Michigan workers comp lawyer explains how a workers comp settlement can increase your Social Security disability benefits.
Workers comp is a no-fault system and you don’t have to prove any negligence on the part of your employer to get benefits. Workers comp pays wage loss, vocational rehabilitation, and medical treatment. You can trade the future value of these workers comp benefits for a lump sum settlement. This is known as a redemption.
How to increase your Social Security disability benefits
You can get workers comp and Social Security disability benefits at the same time. Social Security will however reduce your monthly benefit if your combined workers comp and Social Security disability benefits exceed 80% of your average current earnings. The intent of this offset is to ensure that your combined benefits are not excessive.
An example of how the workers comp offset works
Bob Smith gets $3,000 per month in workers comp benefits. Bob Smith also gets $1,500 per month in Social Security disability benefits.
Social Security determines that Bob Smith’s average current earnings are $5,000 per month based upon his best year in the last five prior to his disability.
The combination of Bob Smith’s workers comp and Social Security disability benefits equals $4,500.00 ($3,000 + $1,500) and 80% of his average current earnings is $4,000.00 ($5,000 x .80).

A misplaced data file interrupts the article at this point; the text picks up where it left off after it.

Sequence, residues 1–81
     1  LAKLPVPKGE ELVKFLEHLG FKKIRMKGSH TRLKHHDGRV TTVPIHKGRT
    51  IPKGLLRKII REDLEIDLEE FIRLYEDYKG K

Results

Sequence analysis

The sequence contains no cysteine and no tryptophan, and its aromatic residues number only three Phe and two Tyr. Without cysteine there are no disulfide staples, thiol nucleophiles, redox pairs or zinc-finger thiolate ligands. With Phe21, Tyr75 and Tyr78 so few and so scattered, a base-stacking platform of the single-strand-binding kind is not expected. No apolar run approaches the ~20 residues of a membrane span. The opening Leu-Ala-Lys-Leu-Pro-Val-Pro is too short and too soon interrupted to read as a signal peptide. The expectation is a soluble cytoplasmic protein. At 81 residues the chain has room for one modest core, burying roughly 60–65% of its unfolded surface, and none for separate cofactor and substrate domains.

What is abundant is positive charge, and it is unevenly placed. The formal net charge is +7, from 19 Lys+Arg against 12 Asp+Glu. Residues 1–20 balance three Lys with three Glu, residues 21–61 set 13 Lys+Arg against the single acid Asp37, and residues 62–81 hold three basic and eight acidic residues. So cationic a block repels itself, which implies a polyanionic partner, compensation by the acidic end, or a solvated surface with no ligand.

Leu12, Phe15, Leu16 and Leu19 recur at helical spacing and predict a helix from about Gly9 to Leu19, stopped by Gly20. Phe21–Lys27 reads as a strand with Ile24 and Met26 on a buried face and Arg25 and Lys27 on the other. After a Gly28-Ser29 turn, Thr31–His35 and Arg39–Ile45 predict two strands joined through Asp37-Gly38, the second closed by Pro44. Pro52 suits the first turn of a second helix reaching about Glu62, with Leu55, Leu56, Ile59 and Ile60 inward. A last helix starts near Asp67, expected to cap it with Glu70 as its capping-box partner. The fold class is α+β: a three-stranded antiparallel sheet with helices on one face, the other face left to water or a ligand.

Since Bob Smith’s combined workers comp and Social Security disability benefits ($4,500) exceed 80% of his average current earnings ($4,000), his monthly Social Security disability benefit is reduced by $500 per month.
Avoid the offset with a workers comp settlement
You can avoid this offset by settling your workers comp case for a lump sum payment. The law allows you to prorate the workers comp settlement over your lifetime reducing or in most cases eliminating the offset.
Using the example above, Bob Smith is 50 years old and has a life expectancy of 28.78 years according to the CDC. If Bob Smith settles his workers comp case for a lump sum payment of $200,000 then it can be allocated at the rate of $579.10 per month for his life.
Bob Smith has now eliminated any offset because his total monthly workers comp and Social Security disability benefits ($2,079.10) are below his average current earnings ($4,000). Bob Smith will now get a great workers comp settlement and his full Social Security disability benefits.
Get help from an experienced workers comp lawyer
The goal should always be to maximize the amount of benefits that you receive. You can get a lump sum settlement from workers comp and continue to get Social Security disability benefits.
To speak with one of our workers comp lawyers, call (855) 221-COMP for a free consultation. There is no fee unless workers comp benefits are recovered for you.
- Alex Berman is the founder of the law firm. He’s been representing injured and disabled workers exclusively for more than 30 years. Alex has helped countless people obtain workers comp benefits and never charges a fee to review a case.
- Photo courtesy of Creative Commons, by Dave Dugdale.